A York County woman who is well-known for her altruistic contributions to the community’s cultural and educational landscape is joining forces with the York County Economic Alliance.
JJ Sheffer joined the YCEA as the director of community programming Jan. 7, a move that will allow her to focus exclusively on the programs she has crafted over the years, except now she will be paid to do it.
The three programs that will now fall under the purview of the YCEA include Kable House Presents, a concert series hosted in York’s Central Market; York Story Slam, an open mic storytelling series and SkillSwap, a barter-based education series.
“All I ever wanted to be doing was these programs because that’s how I felt I could have the biggest impact on the community,” Sheffer said.
Sheffer operated the programs pro bono as president of New Muse Entertainment, a company that produced special events. She launched New Muse in 2010 after working for several years in fundraising, public relations and event planning.
However, Sheffer was growing tired of working a full-time job and devoting her evenings to the equivalent of a second full-time job.
“It was simply not sustainable for me to continue this work pro bono. It was not financially feasible to continue, and the programs weren’t getting the level of attention they deserved,” she said.
For the past three years, she worked with a mentor to find an organization she could partner with to sustain her programs and allow them to grow.
Last fall, she met with Kevin Schreiber, president and CEO of YCEA, to discuss the future of her programs, and they both walked away feeling that the partnership was a good fit.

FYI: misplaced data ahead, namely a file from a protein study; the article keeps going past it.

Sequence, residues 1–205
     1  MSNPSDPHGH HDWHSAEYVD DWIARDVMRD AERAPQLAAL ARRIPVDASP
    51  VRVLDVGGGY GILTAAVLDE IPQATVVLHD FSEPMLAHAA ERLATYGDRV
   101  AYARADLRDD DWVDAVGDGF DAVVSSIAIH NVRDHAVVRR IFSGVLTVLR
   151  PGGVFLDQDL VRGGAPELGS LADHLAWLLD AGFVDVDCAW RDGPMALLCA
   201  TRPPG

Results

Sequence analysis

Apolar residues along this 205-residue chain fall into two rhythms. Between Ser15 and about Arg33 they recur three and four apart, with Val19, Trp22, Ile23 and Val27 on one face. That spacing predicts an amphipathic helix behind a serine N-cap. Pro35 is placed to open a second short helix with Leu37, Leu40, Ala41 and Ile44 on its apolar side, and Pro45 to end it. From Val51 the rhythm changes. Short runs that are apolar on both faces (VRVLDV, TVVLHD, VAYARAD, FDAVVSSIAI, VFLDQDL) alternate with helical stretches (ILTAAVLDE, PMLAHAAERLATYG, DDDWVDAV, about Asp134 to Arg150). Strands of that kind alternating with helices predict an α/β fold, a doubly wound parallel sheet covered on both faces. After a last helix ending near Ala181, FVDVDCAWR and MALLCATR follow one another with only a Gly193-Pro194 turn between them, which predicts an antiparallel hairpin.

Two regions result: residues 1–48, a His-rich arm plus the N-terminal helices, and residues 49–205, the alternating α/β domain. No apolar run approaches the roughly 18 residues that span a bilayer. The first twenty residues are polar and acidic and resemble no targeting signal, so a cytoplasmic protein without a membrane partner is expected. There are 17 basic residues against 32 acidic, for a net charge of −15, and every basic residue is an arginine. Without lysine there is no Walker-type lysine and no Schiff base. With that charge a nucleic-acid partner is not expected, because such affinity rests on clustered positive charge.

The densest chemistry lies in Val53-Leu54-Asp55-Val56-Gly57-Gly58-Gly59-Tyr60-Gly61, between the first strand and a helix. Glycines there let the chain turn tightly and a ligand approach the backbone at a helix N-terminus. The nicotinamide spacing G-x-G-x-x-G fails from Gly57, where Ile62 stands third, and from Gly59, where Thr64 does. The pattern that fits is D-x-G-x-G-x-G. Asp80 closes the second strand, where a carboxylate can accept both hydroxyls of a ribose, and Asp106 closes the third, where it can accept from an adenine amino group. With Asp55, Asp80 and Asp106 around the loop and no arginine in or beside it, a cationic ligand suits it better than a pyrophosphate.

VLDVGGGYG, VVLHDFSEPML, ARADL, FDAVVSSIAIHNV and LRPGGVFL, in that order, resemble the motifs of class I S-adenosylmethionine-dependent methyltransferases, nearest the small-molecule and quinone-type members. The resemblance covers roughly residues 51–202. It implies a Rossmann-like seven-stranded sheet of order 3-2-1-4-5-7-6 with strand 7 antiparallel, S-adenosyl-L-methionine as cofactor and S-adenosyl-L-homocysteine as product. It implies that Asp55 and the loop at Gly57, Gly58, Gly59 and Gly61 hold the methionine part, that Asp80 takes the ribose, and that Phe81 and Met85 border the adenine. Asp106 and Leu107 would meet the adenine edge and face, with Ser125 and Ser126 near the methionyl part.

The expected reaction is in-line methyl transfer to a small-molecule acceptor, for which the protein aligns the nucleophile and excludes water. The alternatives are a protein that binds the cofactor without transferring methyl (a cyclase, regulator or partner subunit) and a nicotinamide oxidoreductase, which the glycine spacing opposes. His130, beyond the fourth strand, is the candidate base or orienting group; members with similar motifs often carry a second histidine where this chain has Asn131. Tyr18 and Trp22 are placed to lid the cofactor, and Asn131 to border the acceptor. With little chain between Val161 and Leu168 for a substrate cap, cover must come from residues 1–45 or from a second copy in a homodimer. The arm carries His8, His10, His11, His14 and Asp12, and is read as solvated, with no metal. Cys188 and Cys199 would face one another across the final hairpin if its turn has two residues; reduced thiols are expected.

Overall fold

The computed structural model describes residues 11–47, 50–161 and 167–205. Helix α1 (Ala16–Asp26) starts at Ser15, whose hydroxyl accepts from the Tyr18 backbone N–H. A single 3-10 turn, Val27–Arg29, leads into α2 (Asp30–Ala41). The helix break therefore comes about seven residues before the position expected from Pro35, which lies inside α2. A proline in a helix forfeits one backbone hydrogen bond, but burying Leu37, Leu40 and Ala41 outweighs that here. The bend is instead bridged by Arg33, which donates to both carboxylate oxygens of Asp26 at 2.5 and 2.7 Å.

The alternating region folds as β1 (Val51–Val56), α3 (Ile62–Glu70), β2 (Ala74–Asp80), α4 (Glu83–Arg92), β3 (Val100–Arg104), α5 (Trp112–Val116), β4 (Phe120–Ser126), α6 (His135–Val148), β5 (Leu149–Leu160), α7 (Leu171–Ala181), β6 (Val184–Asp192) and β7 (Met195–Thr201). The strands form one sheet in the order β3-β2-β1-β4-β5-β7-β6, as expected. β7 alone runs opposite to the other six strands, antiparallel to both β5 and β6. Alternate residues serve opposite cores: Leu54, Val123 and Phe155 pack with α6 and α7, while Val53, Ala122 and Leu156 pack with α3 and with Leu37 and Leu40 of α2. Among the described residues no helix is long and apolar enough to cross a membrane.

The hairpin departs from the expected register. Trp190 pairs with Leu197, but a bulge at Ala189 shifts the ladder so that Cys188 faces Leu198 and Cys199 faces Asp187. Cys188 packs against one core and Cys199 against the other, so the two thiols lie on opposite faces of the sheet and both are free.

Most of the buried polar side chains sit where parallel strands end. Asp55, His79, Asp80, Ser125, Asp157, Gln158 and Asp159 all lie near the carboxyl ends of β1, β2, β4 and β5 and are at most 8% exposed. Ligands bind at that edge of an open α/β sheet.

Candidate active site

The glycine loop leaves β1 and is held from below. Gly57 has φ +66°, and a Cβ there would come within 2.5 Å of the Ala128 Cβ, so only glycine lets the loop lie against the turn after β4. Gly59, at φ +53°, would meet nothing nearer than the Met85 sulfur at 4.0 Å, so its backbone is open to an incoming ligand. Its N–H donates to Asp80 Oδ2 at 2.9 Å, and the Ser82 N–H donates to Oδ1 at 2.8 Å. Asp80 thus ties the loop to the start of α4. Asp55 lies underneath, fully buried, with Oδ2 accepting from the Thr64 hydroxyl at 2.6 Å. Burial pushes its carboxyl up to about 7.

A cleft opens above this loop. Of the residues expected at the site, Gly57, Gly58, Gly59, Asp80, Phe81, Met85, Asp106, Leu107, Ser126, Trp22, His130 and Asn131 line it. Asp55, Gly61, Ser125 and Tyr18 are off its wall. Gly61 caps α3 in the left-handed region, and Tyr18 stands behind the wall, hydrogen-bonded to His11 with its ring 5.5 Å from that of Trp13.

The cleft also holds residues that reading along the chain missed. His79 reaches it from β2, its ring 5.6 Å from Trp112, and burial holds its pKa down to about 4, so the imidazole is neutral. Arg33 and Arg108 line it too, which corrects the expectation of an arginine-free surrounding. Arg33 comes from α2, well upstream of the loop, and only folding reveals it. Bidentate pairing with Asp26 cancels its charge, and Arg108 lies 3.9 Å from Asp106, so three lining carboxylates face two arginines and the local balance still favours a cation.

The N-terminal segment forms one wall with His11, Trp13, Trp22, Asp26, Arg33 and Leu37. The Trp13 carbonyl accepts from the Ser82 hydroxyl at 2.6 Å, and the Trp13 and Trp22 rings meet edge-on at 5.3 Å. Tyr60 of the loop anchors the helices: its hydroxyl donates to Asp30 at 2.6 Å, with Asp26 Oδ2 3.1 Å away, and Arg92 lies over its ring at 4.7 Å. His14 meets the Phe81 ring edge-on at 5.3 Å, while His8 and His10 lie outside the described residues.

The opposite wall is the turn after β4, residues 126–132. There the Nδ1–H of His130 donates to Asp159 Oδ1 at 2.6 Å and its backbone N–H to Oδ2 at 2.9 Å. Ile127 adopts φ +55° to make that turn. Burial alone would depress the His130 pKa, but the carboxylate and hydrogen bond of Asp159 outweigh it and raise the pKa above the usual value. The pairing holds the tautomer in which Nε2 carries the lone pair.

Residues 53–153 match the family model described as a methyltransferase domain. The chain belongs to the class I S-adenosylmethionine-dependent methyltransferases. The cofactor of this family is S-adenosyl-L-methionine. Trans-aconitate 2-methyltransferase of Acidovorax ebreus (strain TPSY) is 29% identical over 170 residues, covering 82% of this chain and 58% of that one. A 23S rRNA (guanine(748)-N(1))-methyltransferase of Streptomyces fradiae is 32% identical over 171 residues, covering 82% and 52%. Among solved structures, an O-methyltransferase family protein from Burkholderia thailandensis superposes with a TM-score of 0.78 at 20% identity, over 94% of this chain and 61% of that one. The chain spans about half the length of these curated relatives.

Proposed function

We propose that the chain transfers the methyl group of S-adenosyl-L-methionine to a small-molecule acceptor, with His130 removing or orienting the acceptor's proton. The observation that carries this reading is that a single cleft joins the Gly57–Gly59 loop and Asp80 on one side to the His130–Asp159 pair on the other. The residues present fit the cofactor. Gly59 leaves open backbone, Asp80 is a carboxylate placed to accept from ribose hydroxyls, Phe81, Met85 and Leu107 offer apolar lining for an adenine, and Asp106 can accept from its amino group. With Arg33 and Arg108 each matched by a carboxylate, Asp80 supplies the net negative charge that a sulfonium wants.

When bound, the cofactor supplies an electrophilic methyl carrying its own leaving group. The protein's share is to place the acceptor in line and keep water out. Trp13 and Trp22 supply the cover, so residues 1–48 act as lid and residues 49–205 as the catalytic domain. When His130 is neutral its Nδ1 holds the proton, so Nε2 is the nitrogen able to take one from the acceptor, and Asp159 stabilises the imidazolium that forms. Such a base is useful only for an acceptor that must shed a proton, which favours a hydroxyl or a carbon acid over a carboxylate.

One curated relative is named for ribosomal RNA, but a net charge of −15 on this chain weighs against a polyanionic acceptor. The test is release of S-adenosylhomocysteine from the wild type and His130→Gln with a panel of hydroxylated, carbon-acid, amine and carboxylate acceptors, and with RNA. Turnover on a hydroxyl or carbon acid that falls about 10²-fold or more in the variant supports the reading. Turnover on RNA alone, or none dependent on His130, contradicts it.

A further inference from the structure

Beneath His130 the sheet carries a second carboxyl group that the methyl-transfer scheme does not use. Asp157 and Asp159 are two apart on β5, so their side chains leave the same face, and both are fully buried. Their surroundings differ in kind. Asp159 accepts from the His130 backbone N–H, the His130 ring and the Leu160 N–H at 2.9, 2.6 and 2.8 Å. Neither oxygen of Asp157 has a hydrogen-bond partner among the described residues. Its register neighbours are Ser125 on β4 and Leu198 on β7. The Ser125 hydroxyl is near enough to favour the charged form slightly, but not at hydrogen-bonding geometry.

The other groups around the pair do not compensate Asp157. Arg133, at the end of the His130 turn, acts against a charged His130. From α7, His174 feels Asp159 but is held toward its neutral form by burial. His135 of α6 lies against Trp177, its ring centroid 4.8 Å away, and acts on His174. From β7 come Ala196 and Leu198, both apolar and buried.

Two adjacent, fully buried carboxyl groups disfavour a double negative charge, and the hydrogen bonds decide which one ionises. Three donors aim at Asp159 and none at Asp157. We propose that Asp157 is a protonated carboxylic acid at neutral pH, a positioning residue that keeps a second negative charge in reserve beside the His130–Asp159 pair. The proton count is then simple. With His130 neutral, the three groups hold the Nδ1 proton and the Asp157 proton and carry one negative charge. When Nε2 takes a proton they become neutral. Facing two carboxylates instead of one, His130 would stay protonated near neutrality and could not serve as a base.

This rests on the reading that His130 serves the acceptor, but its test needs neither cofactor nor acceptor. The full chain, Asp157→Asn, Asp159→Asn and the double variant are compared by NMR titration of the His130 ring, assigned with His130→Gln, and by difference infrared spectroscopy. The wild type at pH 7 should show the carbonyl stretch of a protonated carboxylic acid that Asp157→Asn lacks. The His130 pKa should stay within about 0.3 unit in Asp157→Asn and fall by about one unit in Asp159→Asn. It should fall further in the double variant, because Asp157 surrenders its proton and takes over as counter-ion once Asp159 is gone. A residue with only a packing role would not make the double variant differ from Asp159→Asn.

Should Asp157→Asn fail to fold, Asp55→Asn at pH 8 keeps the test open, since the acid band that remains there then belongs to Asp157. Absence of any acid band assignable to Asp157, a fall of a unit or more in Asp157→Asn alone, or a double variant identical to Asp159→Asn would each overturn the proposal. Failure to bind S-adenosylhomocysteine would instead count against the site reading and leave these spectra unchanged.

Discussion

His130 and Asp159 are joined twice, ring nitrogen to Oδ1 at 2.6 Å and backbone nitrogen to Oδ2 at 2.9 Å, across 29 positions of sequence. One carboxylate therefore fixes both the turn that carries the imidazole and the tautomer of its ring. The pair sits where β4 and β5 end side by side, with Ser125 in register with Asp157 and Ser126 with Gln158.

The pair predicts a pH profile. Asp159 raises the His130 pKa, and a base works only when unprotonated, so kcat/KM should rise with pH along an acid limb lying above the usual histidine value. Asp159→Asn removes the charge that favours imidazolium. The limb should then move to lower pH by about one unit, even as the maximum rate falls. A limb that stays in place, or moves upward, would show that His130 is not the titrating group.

“We believe in the work that JJ has done for many years in York,” Schreiber said in a news release.
“Her work to create and grow ‘people connecting programs’ has been driven largely altruistically and based almost entirely upon sweat equity, friendly volunteers and her passion for the community,” he said.
Sheffer also benefitted from the support of an anonymous benefactor who will be funding her salary for the next two years. Although there are no current plans in the works, she hopes to expand each program throughout York County by introducing them to a variety of community organizations, she said. Any leftover funding from her benefactor will be used to cover program costs, she said.
“Two years is a good start,” she said.
Sheffer also plans to continue generating ideas for more programs that will benefit the community, with the support of the YCEA.
“When I see something I would like to see in my town, I do it,” she said.